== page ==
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Phases of Throwing


  • There are 5 main phases of throwing
    • wind up (see below)
    • cocking
    • acceleration
    • deceleration
    • follow-through 
  • Biomechanics
    • scapula must work in concert with humerus to maintain glenohumeral stability
    • the entire throwing motion takes approximately 2 seconds
      • with wind up and acceleration phases taking approximately 75% of time (1.5 seconds)
1. Wind Up
  • Description
    • minimal force on the shoulder during first stage
  • Muscle activity
    • rotator cuff muscles are inactive during this phase
2. Cocking
  • Sometimes described as 2 sub-phases
    • early cocking
      • peak muscle activation
        • deltoid
    • late cocking
      • high torque phase with maximal shoulder external rotation
      • peak muscle activation
        • supraspinatus
        • infraspinatus
        • teres minor
  • Associated pathology
    • internal Impingement 
    • GIRD (glenohumeral internal rotation defect) 
3. Acceleration
  • Description
    • rotates ball to release point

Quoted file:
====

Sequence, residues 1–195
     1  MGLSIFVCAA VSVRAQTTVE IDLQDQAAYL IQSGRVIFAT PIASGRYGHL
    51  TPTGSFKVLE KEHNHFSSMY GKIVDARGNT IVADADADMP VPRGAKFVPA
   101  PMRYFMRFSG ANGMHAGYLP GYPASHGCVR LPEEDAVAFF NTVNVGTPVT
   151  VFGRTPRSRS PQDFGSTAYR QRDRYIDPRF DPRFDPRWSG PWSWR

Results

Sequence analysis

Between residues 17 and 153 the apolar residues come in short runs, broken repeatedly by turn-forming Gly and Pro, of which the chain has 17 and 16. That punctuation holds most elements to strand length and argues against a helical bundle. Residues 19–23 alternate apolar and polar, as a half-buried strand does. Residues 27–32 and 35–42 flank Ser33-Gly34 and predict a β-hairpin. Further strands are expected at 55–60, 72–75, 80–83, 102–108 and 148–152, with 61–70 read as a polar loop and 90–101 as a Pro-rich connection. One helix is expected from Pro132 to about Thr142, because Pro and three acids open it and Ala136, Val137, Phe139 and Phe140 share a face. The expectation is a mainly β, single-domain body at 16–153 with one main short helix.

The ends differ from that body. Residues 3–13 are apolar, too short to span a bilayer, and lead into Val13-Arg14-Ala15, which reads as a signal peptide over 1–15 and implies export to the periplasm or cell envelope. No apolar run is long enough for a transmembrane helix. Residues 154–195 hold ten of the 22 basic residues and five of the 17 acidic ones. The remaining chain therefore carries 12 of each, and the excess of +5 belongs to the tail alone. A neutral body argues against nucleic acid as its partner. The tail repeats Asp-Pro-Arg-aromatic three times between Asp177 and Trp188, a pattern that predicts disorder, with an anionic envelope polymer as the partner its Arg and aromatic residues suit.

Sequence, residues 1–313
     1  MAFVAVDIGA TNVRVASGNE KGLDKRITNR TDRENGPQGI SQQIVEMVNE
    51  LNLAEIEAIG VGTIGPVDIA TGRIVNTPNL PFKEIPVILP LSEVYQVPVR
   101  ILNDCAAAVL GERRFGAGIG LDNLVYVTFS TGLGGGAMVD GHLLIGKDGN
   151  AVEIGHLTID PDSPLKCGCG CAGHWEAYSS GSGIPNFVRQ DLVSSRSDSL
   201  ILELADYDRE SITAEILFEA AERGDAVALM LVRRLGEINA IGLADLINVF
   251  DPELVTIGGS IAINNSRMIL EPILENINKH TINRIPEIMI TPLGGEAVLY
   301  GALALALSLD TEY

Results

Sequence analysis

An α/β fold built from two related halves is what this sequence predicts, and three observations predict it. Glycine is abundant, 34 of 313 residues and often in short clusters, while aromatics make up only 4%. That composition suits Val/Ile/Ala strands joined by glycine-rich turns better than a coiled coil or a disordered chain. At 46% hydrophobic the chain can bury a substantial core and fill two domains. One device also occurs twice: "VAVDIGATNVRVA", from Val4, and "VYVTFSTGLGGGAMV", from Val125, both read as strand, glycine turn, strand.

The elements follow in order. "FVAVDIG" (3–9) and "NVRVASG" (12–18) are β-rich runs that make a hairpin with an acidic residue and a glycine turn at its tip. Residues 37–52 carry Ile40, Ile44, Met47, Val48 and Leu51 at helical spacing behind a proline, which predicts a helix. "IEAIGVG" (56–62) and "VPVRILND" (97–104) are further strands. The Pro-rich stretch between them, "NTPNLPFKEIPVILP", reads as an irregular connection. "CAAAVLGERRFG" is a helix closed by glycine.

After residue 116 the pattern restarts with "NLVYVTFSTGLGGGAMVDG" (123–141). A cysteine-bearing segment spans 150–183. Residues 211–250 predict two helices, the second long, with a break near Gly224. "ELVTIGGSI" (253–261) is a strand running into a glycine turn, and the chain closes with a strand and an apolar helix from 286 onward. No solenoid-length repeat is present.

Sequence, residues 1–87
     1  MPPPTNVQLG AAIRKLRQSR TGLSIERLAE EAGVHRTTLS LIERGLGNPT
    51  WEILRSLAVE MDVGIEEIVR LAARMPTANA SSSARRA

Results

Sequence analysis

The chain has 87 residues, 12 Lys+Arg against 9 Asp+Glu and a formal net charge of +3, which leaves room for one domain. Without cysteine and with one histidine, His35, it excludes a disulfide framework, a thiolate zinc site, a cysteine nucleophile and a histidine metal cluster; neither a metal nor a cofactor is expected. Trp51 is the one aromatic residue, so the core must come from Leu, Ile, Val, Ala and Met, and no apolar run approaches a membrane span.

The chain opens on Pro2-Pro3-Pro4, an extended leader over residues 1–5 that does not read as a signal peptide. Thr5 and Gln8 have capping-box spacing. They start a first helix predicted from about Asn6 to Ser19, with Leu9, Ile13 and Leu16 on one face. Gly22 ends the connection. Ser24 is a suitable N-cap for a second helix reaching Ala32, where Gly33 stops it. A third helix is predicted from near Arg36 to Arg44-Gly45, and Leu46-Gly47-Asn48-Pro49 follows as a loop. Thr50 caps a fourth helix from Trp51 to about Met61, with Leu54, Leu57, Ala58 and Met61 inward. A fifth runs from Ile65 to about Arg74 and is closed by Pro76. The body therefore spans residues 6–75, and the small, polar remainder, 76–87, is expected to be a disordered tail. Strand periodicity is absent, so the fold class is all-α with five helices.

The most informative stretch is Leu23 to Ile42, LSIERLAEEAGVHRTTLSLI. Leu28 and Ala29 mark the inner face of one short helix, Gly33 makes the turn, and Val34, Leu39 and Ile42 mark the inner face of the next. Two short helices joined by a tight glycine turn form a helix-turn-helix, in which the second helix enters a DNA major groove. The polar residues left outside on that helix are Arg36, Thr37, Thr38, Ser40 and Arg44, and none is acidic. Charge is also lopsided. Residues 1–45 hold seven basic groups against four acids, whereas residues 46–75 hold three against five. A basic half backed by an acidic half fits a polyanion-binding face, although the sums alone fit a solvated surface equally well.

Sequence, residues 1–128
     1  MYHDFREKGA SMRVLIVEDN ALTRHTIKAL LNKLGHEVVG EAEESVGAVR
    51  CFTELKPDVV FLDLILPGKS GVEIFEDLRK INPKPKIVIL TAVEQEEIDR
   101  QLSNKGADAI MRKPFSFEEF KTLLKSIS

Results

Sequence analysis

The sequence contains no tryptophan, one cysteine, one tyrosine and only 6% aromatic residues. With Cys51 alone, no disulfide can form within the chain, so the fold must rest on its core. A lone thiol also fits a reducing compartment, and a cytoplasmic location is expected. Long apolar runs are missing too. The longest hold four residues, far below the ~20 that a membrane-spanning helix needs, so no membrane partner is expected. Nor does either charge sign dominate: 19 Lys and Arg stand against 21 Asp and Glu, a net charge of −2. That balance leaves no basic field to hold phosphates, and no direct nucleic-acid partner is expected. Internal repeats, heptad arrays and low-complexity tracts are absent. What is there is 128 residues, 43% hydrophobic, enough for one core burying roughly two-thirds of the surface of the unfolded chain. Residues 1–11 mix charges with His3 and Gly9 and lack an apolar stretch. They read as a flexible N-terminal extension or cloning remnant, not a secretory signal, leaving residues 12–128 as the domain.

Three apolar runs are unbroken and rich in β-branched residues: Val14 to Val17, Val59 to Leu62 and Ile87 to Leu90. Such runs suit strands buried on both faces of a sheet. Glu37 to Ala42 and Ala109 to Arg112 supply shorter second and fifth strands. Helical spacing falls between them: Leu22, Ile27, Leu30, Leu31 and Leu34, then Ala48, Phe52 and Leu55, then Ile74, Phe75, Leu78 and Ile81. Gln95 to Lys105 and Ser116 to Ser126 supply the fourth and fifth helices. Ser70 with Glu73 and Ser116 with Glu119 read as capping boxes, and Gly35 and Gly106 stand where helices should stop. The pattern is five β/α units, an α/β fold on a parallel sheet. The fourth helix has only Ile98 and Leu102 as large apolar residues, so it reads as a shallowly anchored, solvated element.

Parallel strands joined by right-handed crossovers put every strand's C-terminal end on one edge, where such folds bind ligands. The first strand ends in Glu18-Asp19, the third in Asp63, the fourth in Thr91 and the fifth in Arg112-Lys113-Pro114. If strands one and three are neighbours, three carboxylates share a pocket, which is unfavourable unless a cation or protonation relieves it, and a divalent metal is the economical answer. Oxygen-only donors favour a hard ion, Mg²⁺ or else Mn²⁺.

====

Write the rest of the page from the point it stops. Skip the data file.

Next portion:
• Muscle activity
    • early muscle activation
      • triceps
    • late muscle activation 
      • pectoralis major
      • latissimus dorsi
      • serratus anterior  
4. Deceleration
  • Description
    • center of gravity moves over plantar foot
  • Muscle activity
    • eccentric contraction of all muscles is required to slow down arm motion
    • highest torque phase
  • Associated pathology
    • recognized as the most harmful phase of throwing
    • associated injuries
      • superior labrum (SLAP lesion) 
      • biceps tendon injury 
      • brachialis injury
      • teres minor injury
5. Follow-through
  • Description
    • phase where body rebalances and stops forward motion
  • Muscle activity
    • muscle activity returns to resting levels
 

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